10. As to the actual language of Section 4 of the Act, the expression '' a person claiming to be entitled to the effects of the deceased person or any part thereof' is comprehensive enough to include a person whose claim to a part of the effects is based on a deed of assignment from the heirs of the deceased. And I can see no ground for putting a narrow construction on it and limiting it to a person claiming as a personal representative of a deceased person. The debt due to the deceased would still be a part of his effects, though the right to recover it may pass from his heirs to their heirs or transferees. Section 6 of the Act also is wide enough to cover an application by a person who bases ' the right in which he claims ' the debt on an assignment from the heirs of the deceased person, and it would be difficult to reject his application on the mere ground that he is not the personal representative of the deceased.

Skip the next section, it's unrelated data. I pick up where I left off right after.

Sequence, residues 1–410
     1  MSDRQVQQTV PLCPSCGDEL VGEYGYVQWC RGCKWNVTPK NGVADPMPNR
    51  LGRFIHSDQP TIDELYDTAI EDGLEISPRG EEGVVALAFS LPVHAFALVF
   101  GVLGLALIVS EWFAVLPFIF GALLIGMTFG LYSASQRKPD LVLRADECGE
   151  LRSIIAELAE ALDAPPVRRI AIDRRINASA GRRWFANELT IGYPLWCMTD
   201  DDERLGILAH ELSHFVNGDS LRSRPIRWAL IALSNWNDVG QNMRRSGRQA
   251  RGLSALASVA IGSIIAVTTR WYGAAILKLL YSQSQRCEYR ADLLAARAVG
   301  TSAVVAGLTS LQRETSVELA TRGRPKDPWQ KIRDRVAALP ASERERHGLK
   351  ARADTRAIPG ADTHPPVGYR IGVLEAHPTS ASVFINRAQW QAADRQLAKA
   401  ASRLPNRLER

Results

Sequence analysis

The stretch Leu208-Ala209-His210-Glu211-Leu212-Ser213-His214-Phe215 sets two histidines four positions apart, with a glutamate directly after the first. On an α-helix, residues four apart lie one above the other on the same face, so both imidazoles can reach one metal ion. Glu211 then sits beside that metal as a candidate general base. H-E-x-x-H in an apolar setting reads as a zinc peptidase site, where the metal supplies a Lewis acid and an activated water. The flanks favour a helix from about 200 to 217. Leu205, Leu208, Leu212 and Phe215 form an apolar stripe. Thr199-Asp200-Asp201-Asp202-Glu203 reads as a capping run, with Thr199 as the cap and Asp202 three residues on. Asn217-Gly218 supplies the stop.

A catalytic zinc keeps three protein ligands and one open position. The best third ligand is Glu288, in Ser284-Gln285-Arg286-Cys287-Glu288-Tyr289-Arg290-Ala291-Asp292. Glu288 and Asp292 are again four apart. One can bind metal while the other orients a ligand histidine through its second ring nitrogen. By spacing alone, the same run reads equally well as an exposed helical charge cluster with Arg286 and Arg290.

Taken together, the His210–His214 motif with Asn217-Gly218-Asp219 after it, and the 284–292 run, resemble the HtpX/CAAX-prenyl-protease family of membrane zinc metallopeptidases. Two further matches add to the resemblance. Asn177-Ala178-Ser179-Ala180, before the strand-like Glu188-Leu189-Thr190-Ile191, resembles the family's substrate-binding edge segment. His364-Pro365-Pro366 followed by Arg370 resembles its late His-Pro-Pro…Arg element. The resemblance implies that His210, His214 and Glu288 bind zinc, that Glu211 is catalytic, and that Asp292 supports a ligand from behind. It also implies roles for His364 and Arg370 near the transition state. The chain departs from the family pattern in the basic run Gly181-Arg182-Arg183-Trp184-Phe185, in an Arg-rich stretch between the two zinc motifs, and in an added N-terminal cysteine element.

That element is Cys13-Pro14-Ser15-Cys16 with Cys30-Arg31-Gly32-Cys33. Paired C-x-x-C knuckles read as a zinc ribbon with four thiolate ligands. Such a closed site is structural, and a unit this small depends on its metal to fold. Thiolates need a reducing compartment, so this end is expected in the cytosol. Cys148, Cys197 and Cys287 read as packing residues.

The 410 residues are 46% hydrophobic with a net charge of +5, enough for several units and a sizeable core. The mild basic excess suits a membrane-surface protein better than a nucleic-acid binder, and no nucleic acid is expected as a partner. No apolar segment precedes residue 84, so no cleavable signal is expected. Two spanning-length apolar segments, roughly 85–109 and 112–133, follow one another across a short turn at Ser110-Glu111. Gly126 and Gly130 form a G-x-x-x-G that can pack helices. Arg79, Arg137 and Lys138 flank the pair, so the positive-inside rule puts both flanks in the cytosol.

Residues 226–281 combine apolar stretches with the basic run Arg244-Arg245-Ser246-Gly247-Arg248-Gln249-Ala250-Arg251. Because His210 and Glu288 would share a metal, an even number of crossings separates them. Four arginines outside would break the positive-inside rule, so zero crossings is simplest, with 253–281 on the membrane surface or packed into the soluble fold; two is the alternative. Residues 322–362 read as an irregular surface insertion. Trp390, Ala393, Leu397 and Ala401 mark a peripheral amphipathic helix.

11. The difficulty that there may have to be as many different certificates as there are assignments of different debts is, when closely examined, not a very serious difficulty at all. A transferee from an heir simply steps into the shoes of the heir so far as the debt transferred to him is concerned, and becomes a legal representative of the deceased. A deceased person may have several legal representatives just as much as he may have several heirs. Every such legal representative, knowing full well that he cannot without a succession certificate obtain a decree for the recovery of the debt to which he is entitled, would, if prudent, apply for grant of such certificate before he institutes his suit. To such a proceeding all other persons interested in the estate of the deceased would in all probability-be made parties. The District Court would decide to whom the certificate is to be granted. The certificate-holder would then be the person to sue for the recovery of the debt for the benefit of all the persons interested, and may be personally liable to the latter if owing to his negligence the debt is not recovered.